The calculation results of the pressure control injection mode are illustrated in Figure 7. Figure 7(a) presents the penetration length and grouting flow rate with injection time. As the slurry with a time-varying viscosity is injected into the concentric annulus, the grouting flow rate decreases sharply from a high initial value, approximately 0.25 m3/h, and asymptotically decreases to less than 0.001 m3/h at approximately 16 s, i.e., the switch time. Moreover, the variation in flow rate is significantly influenced by the grout advance. When the grouting time is less than the switch time, the slurry spreads effectively, and the penetration length increases slightly during the grout process. However, as the grouting time exceeds the switch time, the grouting process would enter an “ineffective stage,” in which the grout diffusion almost stops. In terms of the constant-viscosity slurry, the grouting rate also decreases significantly with increasing injection time but asymptotically decreases to a constant value of approximately 0.0016 m3/h. This causes a continuous increase in grout advance during the injection process.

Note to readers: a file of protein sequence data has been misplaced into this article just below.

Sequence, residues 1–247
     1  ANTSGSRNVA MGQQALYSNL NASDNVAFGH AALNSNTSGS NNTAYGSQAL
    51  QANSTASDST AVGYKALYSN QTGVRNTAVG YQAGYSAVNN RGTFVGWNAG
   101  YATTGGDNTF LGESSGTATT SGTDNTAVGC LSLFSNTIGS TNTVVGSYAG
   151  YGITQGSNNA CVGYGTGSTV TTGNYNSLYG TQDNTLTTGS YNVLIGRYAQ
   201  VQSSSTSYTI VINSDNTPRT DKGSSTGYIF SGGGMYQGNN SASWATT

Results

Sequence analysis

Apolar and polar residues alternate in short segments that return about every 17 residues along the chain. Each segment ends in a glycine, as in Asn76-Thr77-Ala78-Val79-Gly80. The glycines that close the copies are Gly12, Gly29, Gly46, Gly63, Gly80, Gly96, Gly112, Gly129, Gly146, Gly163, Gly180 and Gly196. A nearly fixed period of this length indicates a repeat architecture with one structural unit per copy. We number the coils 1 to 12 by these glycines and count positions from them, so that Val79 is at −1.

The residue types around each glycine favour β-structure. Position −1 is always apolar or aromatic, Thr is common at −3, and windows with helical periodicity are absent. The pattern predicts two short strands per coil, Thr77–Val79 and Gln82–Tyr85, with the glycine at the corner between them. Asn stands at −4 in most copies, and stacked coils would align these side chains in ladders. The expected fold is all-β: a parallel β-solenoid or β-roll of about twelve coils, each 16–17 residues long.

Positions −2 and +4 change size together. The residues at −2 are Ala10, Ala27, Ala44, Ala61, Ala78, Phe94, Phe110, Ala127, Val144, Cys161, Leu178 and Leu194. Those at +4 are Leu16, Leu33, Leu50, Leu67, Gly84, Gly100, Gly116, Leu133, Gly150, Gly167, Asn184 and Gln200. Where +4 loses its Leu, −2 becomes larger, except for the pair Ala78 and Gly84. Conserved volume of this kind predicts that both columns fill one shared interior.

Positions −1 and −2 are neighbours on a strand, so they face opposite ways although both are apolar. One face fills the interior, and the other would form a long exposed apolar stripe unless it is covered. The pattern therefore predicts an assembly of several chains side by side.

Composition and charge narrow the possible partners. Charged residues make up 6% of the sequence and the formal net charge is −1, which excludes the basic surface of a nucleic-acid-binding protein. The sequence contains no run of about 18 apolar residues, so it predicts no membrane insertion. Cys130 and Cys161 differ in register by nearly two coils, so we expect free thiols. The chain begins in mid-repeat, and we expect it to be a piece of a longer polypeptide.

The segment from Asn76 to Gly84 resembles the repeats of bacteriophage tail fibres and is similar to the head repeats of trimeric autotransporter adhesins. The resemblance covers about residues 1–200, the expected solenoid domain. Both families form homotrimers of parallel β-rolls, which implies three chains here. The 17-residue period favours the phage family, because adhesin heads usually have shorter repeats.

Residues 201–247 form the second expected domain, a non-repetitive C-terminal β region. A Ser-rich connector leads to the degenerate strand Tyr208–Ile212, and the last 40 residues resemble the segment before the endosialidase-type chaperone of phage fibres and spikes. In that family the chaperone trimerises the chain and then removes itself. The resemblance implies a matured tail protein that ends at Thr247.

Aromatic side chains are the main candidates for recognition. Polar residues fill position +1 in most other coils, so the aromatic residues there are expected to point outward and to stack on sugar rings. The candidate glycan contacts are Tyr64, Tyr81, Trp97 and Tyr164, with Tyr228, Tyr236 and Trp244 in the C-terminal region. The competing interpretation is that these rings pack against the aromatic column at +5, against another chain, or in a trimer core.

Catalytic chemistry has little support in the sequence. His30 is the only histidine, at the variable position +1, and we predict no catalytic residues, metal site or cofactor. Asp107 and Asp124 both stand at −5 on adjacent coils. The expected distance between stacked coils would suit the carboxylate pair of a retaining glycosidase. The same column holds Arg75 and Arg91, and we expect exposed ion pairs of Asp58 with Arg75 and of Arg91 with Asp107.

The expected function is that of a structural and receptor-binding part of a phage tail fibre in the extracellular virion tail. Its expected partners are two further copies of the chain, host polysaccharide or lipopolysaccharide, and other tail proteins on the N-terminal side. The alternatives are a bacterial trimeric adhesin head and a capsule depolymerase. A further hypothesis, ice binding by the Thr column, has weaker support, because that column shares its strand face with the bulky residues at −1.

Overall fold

The distributions of grout viscosity at 15 s, 35 s, and 55 s are illustrated in Figure 7(b). The grout viscosity increases in the diffusion direction in the grouted zone; moreover, the viscosity at a fixed position increases with injection time. In other words, the three viscosity curves in Figure 7(b) are not coincident, which is strikingly different from the results of the grouting process adopting the constant flow rate mode. Additionally, with increasing injection time, the grouting flow rate decreases; consequently, the migration time of the grout mix from the injection borehole to a given position increases, causing the grout viscosity to increase at the same point.

The overpressure distributions of the injected CSG and CG in the grouted zone at 15 s, 35 s, and 55 s are shown in Figures 7(c) and 7(d), respectively. The overpressure decreases approximately linearly with increasing distance from the injection point, and the grouting pressure at the injection point remains constant throughout the grouting process, as presented by Zhang et al. [44]. Therefore, the overpressure decreases in approximately the propagation direction when the cement-based slurry is injected under constant pressure conditions, regardless of the type of diffusion path.

5. Verification of the Numerical Simulation of Concentric Annulus Grouting

5.1. Numerical Methodology and Choice of Numerical Parameters